Summary of Shakespears "Othello".

Essay by lampeA, May 2003

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Othello The Moor Of Venice

All problems in the play grow from a seed of passion. This seed is planted deep within the characters, it controls there every movement and action, there every thought. They are lost in there own lives so completely that they cannot see anything outside of their tiny boxes. Even Iago, supreme ringleader and puppet master, is trapped by a web of his own weaving because he became to involved in his own schemes. They all care about themselves and those immediately close to them, an apparently fatal flaw.

Othello, and his false accusations. The play ends with the tragic death of Desdemona and Othello, a result not of Iago's deceit, but of Othello's blind jealousy, he accuses and accuses until he turns blue in the face. Yes, he had some proof but I believe he really did love his wife, and he should have confronted her.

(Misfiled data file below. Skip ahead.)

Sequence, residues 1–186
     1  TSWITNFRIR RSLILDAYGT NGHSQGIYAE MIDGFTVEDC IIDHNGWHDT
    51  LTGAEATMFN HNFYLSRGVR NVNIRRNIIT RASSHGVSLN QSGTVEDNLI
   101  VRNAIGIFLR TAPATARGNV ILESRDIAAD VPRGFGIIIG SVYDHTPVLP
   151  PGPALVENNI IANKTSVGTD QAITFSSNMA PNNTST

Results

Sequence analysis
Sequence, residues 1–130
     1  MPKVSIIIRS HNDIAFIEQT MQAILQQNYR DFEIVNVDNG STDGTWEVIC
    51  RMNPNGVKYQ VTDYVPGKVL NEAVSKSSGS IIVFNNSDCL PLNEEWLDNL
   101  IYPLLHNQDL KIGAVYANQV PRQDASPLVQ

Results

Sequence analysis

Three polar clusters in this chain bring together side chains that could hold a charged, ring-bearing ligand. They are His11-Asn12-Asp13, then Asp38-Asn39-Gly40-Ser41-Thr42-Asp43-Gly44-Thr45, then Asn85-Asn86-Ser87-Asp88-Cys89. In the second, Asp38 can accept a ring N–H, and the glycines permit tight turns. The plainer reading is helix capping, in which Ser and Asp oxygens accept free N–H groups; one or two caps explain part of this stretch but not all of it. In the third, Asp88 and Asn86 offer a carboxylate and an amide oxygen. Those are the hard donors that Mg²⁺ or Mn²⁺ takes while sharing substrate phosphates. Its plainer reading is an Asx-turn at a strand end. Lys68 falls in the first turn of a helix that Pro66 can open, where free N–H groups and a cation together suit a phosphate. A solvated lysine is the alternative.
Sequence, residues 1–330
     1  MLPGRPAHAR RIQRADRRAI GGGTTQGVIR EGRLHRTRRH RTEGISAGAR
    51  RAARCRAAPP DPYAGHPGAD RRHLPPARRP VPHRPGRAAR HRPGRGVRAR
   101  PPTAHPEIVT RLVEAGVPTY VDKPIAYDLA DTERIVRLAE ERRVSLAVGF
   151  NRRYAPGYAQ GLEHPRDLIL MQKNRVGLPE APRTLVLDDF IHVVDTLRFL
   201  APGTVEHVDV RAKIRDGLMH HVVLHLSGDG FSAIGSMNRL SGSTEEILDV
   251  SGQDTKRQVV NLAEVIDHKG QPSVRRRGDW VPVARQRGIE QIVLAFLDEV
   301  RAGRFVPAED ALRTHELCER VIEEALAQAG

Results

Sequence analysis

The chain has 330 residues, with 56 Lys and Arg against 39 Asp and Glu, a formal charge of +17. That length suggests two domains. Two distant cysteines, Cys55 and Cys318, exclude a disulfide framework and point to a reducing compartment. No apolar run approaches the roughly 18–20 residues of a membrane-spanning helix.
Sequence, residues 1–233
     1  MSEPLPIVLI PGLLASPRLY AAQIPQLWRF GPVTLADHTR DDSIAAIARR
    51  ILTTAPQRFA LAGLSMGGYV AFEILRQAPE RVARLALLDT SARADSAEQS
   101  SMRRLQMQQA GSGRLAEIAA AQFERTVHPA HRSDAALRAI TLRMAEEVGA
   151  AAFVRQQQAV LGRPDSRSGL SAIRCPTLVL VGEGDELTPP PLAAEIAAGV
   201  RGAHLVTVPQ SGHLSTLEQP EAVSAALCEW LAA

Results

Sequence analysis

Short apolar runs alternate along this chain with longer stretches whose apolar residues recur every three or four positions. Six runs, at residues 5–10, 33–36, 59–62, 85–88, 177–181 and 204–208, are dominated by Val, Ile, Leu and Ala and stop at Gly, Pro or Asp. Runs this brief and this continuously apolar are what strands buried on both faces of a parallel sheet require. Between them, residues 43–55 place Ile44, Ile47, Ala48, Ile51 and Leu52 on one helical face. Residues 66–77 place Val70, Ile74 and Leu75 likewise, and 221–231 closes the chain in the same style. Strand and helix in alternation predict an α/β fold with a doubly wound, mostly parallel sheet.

Instead he became lost in his little green soul and murdered his beloved in a fit of rage, a fit of passion. Well illustrated in his quote " Tis' he O brave Iago, honest and just/ that has such noble sense of thy friends wrong/ Thou teaches me... Forth of my heart (Desdemona) those charms, thine eyes, are/ blotted. / Thy bed, lust-stained, shall with lusts blood/ be spotted. (Act V, Scene I, Line 34-36, 40-41)".

Rodrigo, and his apparent gullibility. Near the end, Rodrigo is murdered by his "best friend" Iago. Iago, who had lead him on for years. Iago, who had held Rodrigo's purse as his own. Iago, who's will had been carried out by everyone but him simply because he was trusted. That Iago. " Tush, Never tell me! I take it much unkindly/ That thou, Iago, who hast had my...